Peru is also the best place to see macaws. Journey Latin America marketing manager Laura Rendell-Dunn said: “Hundreds of them gather on cliffside ‘clay licks’ to feed on the salt. It’s a really unique sight.”
Puerto Maldonado is the most common starting point. It is easily added on to a Peru itinerary because it is served by regular flights from Cuzco and Lima, and has lodges to suit every budget.
Known for its wildlife is the more remote Manu National Park, with species such as giant otters, monkeys and tapirs. South American Experience product manager Andre de Mendonca said: “It’s very pristine jungle and more well-heeled – perhaps double the cost of Puerto Maldonado.”
Much further north, Iquitos sits on the Amazon itself and is well-placed for the Pacaya Samiria Reserve, where you can find manatee and pink dolphins. It’s also the boarding point for cruises on the upper Amazon.
Sample package: South American Experience offers five days at the Tambopata Research Center near Puerto Maldonado starting from £895, including transfers from Cuzco, full-board accommodation and excursions, but excluding international flights. (0845 277 3366)
The Ecuadorian Amazon
Tourists heading for the Galapagos often stop off in Ecuador for a glimpse of the rainforest.
The Amazon base of Misahualli on the Napo tributary can be accessed by road, which makes it cheaper to visit, and there is a good range of places to stay. There are opportunities to visit indigenous villages and white-water raft, or take guided jungle walks and canoe rides.
Visitors can fly to the Galapagos from Quito or Guayaquil and could visit the volcanoes of Cotopaxi and Chimborazo en route to Misahualli.
Sample package: Explore’s 22-day Ecuatoriana and the Galapagos itinerary includes three days exploring the Amazon plus seven nights in the Galapagos and visits to other sights in Ecuador. Prices start from £4,299. (0844 499 0904, email@example.com)
The Bolivian Amazon
Though not commonly seen as an Amazonian destination, it’s possible to visit the fringes of the basin in Bolivia.
The small town of Rurrenabaque is close to the Madidi National Park for rainforest experiences rich with bird and insect life, and tourists can also head to the pampas where it is easier to spot wildlife such as pink dolphins, capybara, anteaters and anaconda.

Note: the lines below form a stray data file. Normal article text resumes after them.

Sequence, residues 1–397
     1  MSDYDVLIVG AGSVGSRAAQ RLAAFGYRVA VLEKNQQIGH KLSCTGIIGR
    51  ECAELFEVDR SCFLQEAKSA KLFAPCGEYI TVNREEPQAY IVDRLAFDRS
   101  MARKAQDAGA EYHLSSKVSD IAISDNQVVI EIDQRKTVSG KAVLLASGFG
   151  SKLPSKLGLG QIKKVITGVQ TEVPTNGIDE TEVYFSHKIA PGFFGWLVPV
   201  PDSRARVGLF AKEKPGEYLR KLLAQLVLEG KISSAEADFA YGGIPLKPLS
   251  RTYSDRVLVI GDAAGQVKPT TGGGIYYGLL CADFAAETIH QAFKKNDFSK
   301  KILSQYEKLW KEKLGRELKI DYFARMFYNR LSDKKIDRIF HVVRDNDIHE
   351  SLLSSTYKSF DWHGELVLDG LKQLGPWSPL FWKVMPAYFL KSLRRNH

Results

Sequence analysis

Responsible travel is developed, so visitors can stay in community eco-lodges and sustain the indigenous people of the area. Rurre is a day’s drive or an hour’s flight from La Paz.
Sample package: Intrepid Travel’s six-day Bolivian Jungle Eco Lodge independent itinerary visits La Paz and Rurrenabaque and starts from £690 excluding international flights. (020 7354 6170, intrepidtravel.com/agents)
Amazon river cruises generally embark from Manaus or Iquitos. Itineraries will feature the same sort of excursions as lodges offer, but it’s a more confined experience where cruisers watch the world float by.
There’s a sense of romance about the old steam boats that plough up and down the river, and it’s easier to travel further from civilisation on a boat.
Most tourists will choose one of the more luxurious 6-20 cabin cruisers with air conditioning and private showers; the very budget conscious can take local boats and sleep on the deck in a hammock.
Sample packages: Tucan Travel has just added expedition cruises to its packages and offers a nine-day cruise out of Manaus starting from £1,970, excluding international flights. (020 8896 1600, tucantravel.com/travel-agent-login)